Wednesday, February 08, 2006

Olympic Training

I'm a little behind.

A few weeks ago, when I first signed up for the Knitting Olympics, I picked a project for which I already had appropriate yarn, ordered the pattern, swatched in both stocking stitch and the pattern, test washed and blocked my swatches, and figured I was ready to go. So, I stopped training.

Today, I stroked and cuddled the swatches, then gave the pattern a thorough read through. WTF? The sexy, curvy, feminine shaped cardigan I had fallen in love with online is actually knitted completely without any shaping! The curvy lines shown on the photo were artificially arranged for the photo session! Apparently there is some sort of tie or clip on the back pulling the waist in and giving the illusion of tailoring.

Well, sh!t, I could have designed the thing (all one lace pattern, extremely simple, and only two pattern rows to remember). The whole reason I bought it was because it looked shaped! I was suckered by a sneaky photo stylist!

There is no way I'm wasting my Olympic Knitting time on a shapeless, simple, and extremely repetitive knit. Nope. This is supposed to be a challenge of Olympic proportions! I want to stretch my knitting muscles, and try something new.

With only two and a half days left to the starting pistol, I need to find something else, right now! So, every knitting book, magazine and pamphlet in the house is strewn around my work space. Piles of crumpled paper entertain the cats. Needles in assorted sized threaten to skewer me whenever I turn around.

I've swatched about nine different lace patterns, and a few cables as well. Over a dozen yarns have been pulled out, test knitted, then tossed across the room with despair. But, I've finally chosen my yarn, swatched a few stitch patterns, and selected needle size and type.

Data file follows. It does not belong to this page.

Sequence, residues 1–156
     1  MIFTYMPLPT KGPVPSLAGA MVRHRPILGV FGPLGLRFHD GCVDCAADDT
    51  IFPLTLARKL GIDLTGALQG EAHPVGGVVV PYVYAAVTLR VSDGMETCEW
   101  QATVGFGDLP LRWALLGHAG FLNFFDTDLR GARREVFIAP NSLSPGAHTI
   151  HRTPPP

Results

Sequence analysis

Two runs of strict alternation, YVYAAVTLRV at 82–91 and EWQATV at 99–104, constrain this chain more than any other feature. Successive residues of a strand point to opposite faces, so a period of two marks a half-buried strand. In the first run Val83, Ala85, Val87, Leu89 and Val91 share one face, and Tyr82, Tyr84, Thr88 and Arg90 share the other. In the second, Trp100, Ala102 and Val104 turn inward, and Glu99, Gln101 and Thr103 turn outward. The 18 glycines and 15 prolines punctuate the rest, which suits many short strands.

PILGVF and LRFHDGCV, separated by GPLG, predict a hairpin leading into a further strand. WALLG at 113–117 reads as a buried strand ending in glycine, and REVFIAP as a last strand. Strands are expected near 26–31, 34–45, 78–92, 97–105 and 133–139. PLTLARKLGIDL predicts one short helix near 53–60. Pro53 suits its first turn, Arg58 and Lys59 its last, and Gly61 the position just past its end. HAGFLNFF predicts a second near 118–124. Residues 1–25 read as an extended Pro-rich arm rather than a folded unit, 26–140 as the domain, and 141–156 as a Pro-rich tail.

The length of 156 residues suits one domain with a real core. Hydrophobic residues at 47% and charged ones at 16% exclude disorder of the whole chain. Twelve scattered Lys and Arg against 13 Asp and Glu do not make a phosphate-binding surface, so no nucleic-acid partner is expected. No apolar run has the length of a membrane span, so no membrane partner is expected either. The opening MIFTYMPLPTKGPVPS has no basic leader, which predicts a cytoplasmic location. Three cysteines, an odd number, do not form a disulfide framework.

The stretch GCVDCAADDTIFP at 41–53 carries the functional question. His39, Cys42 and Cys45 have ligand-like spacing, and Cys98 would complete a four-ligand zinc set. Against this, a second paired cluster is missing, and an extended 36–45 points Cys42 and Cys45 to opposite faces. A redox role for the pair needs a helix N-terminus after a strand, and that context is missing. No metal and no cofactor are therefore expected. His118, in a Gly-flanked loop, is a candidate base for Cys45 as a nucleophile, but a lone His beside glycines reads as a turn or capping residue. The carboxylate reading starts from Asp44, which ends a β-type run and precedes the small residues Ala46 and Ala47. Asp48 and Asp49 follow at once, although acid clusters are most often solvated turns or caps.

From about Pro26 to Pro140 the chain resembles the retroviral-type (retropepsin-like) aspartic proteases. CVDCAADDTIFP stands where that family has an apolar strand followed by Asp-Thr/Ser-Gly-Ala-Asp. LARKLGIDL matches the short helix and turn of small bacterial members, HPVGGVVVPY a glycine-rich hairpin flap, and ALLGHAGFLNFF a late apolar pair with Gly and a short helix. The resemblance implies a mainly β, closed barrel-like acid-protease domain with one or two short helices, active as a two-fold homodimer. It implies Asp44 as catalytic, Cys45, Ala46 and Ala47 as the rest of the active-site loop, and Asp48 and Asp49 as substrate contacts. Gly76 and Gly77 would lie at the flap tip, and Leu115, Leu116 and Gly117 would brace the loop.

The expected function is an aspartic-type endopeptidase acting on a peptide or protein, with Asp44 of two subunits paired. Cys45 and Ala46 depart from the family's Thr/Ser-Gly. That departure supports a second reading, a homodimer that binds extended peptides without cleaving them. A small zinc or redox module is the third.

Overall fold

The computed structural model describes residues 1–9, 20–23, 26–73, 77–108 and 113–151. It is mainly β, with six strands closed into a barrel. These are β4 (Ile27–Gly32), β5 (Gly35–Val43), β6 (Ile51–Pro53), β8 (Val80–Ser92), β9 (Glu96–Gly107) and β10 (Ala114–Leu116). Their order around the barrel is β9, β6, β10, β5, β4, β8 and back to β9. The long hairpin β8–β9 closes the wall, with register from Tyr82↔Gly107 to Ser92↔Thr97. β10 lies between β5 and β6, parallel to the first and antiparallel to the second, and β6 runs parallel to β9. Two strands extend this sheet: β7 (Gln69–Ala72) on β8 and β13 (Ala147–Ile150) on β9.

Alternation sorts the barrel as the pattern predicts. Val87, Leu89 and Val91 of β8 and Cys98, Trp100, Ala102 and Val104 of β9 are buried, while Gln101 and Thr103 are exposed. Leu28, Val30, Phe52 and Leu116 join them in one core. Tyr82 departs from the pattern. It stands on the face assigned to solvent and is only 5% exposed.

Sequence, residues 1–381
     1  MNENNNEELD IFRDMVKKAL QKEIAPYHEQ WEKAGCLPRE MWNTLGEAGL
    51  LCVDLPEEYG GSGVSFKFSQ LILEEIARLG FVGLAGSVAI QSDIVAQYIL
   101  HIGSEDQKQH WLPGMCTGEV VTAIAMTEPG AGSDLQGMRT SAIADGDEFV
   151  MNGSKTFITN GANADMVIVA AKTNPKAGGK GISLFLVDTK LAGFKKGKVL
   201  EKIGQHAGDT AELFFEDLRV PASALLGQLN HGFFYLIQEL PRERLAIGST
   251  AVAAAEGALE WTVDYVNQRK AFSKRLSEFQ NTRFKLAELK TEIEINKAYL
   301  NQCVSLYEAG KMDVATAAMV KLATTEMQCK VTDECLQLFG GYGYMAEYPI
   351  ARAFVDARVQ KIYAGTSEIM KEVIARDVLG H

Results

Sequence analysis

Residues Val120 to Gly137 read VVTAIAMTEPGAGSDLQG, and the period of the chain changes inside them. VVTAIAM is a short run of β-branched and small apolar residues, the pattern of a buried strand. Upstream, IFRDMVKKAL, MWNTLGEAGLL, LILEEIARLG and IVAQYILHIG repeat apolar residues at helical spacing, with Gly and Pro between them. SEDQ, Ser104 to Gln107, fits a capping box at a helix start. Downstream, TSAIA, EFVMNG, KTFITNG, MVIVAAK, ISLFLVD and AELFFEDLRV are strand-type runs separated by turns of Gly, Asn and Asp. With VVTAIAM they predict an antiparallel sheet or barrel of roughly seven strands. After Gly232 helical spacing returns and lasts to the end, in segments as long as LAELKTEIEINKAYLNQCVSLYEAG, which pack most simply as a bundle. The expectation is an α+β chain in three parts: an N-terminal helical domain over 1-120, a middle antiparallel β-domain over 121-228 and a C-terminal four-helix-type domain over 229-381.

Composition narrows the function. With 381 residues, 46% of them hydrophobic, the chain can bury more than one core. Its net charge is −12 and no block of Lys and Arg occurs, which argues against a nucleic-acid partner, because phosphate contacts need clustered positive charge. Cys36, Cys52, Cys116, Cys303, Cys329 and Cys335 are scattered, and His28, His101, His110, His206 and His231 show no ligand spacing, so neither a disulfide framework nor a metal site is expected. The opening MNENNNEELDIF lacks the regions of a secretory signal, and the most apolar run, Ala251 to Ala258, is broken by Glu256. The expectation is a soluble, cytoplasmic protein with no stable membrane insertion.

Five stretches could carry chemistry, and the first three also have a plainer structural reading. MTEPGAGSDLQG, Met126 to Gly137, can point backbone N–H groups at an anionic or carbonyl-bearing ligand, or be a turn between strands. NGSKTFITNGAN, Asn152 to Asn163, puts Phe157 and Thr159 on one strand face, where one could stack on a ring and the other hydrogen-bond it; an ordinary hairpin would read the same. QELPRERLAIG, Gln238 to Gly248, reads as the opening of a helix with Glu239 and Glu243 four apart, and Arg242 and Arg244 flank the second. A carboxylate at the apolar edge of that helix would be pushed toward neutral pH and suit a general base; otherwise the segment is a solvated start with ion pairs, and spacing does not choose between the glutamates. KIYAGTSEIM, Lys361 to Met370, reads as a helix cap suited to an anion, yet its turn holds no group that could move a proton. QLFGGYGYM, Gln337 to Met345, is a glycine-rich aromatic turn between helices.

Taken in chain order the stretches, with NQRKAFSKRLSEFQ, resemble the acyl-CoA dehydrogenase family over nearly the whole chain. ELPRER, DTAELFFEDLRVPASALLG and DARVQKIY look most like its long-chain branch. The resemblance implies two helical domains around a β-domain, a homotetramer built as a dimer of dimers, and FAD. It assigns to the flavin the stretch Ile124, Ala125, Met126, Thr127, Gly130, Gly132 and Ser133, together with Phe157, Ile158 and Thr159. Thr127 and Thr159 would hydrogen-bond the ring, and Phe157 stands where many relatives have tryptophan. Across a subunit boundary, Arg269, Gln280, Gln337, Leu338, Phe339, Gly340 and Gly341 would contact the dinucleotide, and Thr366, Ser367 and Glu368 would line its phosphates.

So now, I need to narrow down the item to be knitted, and design details thereof. I definitely want lace, but would like to see a number of different but coordinating lace patterns put together. But what lacey thing to knit? It's a neck and neck race between a cardigan and a rectangular stole, with occasional thoughts of a Faroese style shawl. But I need to decide, and decide now!

After re-reading the Design section of Sharon Miller's Heirloom knitting, and spending hours pouring through every stitch pattern book I own, I ended up with a page listing nearly two dozen stitch patterns I really want to try. Then I sorted them by row repeat count, stitch repeat count, and garter versus stocking stitch lace. Oy. I whittled the list down to about a dozen, then charted them all in Excel to make the actual knitting process more intuitive.

Then, I pulled out the sweater that fits me the best both length and ease-wise, and measured it laying flat. From that, I drew a scale model of a cardigan, with dimensions. I already knew what size of rectangular stole I would knit if I went that way, so decided my decision would be made based on the number of square inches of knitting (brilliant, eh?).

As the scan shows, um, ah, my cardigan design is EXACTLY THE SAME number of square inches of knitting as a 24" by 72" stole. How friggin' freaky is that?

So, I'm putting together a pros and cons list for each item, and hoping that will narrow down the decision. Until I've decided, though, I think I'll swatch a few more of the lace patterns I like, to ensure they are reasonably knittable (ie - already dropped Germaine Stitch from the roster due to cables, thus the need for a cable needle, which I only have one of right now, and regularly loose).

The training continues. My goal is to have the decision (cardigan versus stole) made by the end of the day tomorrow. Crossing my fingers.

Later Edited to Add:
For those as mathematically inclined as me, I ran the numbers: 6 stitches per inch times 8 rows per inch = 48 stitches per square inch. At 1728 square inches (both the stole and the cardigan - again, very very very freaky), that means 82,944 stitches. I just did a little mouth vomit when that number came up on the calculator. Oy.


Mrs. Mel said...

O Logan! Way too much thinking and planning goes into your knitting
(comparing myself to you here). Can it still be fun? And can you pay attention during the process?
This is from someone with six projects going, and still on the lookout for my travel knitting project to reveal itself.
I bow to your plan, and respect the fact that you will no doubt actually achieve a FO.
But to wash and block a swatch!?!
O my.

smarcoux said...
here are some free patterns and fanstastic .. hope you think so too.
Dangling by a thread